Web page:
“When I visited with these little girls, they were so loving and so talkative, some of them were asking the names of all the agents that were there around them, and they even said they were a little hungry,” Chavez told Fox News. “So I helped them peel a banana and open a juice box and just talked to them. You know, children are just so resilient and I’m so grateful that they’re not severely injured or [have] broken limbs or anything like that.”

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All The Things We Learned From Netflix’s New “Pelé” Documentary

Entertainment

All The Things We Learned From Netflix’s New “Pelé” Documentary

Netflix continues to churn out powerful films in countries around the world and their latest venture, a look into the life of Brazilian footballer Pelé is another hit. Sure, Pelé may be considered the world’s best soccer player ever but his place in Brazilian history is less clear – at least according to the new doc.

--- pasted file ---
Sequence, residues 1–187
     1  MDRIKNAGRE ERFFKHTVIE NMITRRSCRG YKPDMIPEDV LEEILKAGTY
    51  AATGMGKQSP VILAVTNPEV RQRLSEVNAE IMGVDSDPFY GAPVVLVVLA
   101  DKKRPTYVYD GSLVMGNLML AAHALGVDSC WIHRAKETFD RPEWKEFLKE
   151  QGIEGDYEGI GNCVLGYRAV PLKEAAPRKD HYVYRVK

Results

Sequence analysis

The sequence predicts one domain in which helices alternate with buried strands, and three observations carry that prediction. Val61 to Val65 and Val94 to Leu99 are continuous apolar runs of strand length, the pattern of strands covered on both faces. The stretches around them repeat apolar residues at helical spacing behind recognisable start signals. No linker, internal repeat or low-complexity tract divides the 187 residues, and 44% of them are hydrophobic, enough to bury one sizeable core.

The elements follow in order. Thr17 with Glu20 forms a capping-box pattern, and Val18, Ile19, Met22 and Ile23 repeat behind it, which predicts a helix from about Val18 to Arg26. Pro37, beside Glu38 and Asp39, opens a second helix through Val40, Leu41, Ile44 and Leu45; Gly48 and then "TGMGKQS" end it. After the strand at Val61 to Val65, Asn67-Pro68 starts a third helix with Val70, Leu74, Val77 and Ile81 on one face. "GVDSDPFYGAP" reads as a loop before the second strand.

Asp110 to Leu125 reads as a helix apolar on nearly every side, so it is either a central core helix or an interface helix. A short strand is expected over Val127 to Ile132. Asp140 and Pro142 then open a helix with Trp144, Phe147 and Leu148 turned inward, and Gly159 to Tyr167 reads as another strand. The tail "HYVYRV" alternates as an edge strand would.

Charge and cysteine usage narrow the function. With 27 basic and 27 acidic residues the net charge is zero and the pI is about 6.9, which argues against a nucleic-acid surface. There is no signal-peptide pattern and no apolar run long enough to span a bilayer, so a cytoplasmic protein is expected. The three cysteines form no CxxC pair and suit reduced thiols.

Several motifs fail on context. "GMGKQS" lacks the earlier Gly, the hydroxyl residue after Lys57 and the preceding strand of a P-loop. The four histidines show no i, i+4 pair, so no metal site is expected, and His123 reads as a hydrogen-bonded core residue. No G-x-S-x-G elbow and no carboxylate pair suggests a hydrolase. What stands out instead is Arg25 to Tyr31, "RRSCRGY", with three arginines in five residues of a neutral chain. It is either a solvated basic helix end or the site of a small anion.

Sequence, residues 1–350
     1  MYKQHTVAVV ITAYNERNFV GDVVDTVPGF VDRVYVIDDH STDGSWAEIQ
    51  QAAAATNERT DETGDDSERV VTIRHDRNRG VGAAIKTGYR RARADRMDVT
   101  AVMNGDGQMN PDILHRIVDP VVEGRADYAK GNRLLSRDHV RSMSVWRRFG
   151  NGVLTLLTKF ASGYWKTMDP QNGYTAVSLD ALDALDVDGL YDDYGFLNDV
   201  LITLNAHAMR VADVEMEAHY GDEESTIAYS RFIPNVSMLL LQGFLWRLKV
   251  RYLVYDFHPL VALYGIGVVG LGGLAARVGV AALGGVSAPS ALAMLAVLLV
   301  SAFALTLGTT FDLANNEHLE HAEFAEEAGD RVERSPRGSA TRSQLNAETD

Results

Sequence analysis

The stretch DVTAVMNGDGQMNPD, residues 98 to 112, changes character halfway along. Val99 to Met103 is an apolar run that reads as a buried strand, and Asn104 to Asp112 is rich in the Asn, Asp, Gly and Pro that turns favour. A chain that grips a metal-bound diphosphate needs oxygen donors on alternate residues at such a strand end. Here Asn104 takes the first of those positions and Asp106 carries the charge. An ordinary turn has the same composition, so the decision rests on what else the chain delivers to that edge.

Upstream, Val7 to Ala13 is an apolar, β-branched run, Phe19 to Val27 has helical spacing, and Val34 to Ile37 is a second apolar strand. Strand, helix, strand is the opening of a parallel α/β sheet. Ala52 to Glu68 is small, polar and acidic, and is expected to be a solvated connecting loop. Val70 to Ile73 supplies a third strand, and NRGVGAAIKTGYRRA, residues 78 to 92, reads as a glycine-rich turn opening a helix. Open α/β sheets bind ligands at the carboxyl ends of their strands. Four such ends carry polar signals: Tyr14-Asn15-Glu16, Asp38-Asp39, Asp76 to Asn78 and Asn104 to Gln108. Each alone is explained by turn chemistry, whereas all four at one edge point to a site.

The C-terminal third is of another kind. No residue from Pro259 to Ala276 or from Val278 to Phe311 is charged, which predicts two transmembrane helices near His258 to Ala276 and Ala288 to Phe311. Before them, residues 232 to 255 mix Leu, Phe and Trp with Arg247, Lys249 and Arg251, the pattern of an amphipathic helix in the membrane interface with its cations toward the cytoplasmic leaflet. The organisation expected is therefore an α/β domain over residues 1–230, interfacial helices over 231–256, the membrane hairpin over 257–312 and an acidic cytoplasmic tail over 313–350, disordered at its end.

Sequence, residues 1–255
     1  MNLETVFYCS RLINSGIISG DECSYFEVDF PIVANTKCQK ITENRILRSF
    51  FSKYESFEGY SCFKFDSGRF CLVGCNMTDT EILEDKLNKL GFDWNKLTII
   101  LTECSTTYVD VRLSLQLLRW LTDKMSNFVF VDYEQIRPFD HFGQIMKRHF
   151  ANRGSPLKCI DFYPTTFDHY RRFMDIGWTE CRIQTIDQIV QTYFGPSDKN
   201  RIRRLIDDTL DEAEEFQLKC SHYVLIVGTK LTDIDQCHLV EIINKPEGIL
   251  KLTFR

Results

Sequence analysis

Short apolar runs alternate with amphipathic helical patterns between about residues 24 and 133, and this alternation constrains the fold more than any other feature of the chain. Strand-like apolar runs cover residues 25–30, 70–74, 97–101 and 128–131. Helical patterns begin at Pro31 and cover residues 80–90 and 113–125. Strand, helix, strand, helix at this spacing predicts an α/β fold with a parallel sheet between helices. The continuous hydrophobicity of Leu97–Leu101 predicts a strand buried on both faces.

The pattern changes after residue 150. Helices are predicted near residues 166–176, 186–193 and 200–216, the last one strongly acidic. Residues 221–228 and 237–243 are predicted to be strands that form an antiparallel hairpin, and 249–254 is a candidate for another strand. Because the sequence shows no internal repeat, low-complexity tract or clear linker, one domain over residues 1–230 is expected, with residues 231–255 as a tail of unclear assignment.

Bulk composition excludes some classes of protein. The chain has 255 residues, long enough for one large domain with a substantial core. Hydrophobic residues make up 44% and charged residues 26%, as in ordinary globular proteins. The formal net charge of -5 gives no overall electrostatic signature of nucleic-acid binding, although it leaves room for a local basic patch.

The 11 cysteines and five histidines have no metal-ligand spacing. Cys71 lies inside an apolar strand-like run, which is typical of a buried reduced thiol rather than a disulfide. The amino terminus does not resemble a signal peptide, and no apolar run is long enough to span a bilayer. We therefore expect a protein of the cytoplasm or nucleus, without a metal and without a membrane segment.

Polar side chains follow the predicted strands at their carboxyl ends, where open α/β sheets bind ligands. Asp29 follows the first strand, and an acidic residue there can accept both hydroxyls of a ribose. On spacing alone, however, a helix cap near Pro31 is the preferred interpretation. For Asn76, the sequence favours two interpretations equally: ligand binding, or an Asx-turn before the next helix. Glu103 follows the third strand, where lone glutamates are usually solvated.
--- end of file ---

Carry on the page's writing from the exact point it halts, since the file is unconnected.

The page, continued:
Filmmakers David Tryhorn and Ben Nicholas spent hours in Pelé’s company interviewing him on everything from a childhood spent in poverty to his numerous affairs and his controversial relationship with the authoritarian regime that ruled Brazil during his playing career. Here are some of the key takeaways from this must watch documentary.

Pelé was criticized for not taking a political stance during Brazil’s authoritarian regime.

In 1964, the Brazilian military staged a coup, which led to a dictatorship being established in the country that lasted until 1985. The military government relied on torture and repression to maintain power.